We're gearing up for our first anniversary of Justwomen, a quarterly event we host to celebrate female CEOs, founders, and entrepreneurs.
At Justwomen, Katherine and Anu will discuss the nature of investments and investing in the startup world.
We also caught up with Katherine beforehand. As the founder and CEO of Maven, Katherine oversees the first digital clinic for women. Maven is a platform that empowers the female healthcare consumer to get access to better health information and services.
Previously, Katherine worked as an early stage investor at Index Ventures, where she focused on consumer technology, and in particular on investments in the health, education, art, and retail sectors.
Prior to joining Index, Katherine worked as a journalist, writing for The Economist from Southeast Asia, New York, and London. In 2009, she worked with former U.S. Treasury Secretary Hank Paulson, helping him write his memoirs.
Read on to learn more about Maven, about Katherine's career history, and about her favorite business advice.
Interested in attending Justwomen? Shoot us an e-mail at firstname.lastname@example.org.
Can't make the event? We'll be live tweeting the event at #justwomen on our @JustworksHR Twitter account.
Why did you decide to start your current company?
I started Maven to empower women to take control of their health and wellness via better information and access to the best women's and family health providers.
During my 20s and early 30s, I witnessed first-hand just how many gaps there are in healthcare for women. Even as a college student, if you need birth control, you need to navigate the health system independently in a way that is entirely unique to women.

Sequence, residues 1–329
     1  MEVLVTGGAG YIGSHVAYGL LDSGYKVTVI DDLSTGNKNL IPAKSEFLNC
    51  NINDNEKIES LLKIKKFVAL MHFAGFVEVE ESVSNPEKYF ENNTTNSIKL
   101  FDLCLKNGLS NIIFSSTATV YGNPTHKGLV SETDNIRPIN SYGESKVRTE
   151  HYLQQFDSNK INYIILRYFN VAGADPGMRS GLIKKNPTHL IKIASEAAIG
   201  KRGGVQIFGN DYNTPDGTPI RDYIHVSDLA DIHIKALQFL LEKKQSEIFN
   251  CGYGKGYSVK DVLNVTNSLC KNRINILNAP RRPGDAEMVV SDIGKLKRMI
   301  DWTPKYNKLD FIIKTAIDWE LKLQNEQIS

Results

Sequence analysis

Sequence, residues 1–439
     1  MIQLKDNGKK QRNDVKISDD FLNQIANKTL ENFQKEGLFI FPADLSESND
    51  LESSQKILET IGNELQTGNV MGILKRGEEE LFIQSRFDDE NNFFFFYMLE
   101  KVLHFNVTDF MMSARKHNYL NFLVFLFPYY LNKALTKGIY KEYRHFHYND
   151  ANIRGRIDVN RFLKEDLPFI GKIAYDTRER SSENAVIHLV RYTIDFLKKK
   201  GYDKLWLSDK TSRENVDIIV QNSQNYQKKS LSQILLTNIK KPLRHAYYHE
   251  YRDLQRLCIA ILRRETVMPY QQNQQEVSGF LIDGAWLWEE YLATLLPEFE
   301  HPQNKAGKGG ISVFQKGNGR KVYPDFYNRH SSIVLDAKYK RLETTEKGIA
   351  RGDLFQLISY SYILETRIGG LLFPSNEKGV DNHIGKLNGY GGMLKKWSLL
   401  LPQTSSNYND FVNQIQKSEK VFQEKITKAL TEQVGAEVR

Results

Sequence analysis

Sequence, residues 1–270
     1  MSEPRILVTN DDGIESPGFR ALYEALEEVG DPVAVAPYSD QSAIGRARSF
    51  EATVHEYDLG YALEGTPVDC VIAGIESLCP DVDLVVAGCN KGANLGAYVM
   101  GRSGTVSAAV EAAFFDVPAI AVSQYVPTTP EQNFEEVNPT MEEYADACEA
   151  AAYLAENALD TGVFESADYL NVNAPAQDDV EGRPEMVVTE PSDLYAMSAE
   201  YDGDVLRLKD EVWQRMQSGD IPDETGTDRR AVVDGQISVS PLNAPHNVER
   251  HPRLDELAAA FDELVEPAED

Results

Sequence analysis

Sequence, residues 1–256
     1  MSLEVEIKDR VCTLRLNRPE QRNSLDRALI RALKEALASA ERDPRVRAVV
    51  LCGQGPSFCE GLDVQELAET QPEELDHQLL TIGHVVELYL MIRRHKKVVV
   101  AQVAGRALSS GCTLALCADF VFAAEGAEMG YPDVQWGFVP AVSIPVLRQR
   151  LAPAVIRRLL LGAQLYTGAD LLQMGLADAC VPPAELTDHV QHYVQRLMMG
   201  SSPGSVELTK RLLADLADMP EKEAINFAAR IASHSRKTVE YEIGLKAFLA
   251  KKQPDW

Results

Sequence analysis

This happens again when you think about starting a family. I'm surrounded by friends who have had subpar experiences with the fertility industry, and navigating pregnancy, childbirth, and early motherhood.
Most of the family care falls on a woman's shoulders too. Nothing really prepares you for these experiences, but they are complex and can be confusing.
A lot of what’s needed isn’t formal care — but rather someone to talk to, who can answer basic questions, who can help you understand if what you are going through is normal. This is especially true when it’s so easy to Google your symptoms and misdiagnose yourself or your children with some horrible disease.
What was your biggest "win" around getting investments?
My biggest "win" was raising $2.2m before we launched as a first-time entrepreneur who had just moved from London to New York.
And what was your biggest challenge around getting investments?
The challenge: given that investors are disproportionately male, it was (and probably always will be) challenging to get some people excited about Maven's mission as well as women's health as a business opportunity. I even met one healthcare investor who didn't think there are problems in the fertility market in New York City!
What women empower you?
My mom. My aunts. My grandmother. My sister. My friends. The females on my team. My female investors and advisors (I actually have a lot of female investors and advisors!). Basically, most women around me.
What's the best piece of advice someone has given you?
Work hard early in life so you don't have to work as hard later in life.
Where do you turn when you need business advice?
Most of the time, I turn to my dad. He's an entrepreneur as well. Many of Maven's investors have operating experience so I turn to them as well.
What are you currently reading?
Karen Joy Fowler's latest novel, "We Are All Completely Beside Ourselves."
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This material has been prepared for informational purposes only, and is not intended to provide, and should not be relied on for, legal or tax advice. If you have any legal or tax questions regarding this content or related issues, then you should consult with your professional legal or tax advisor.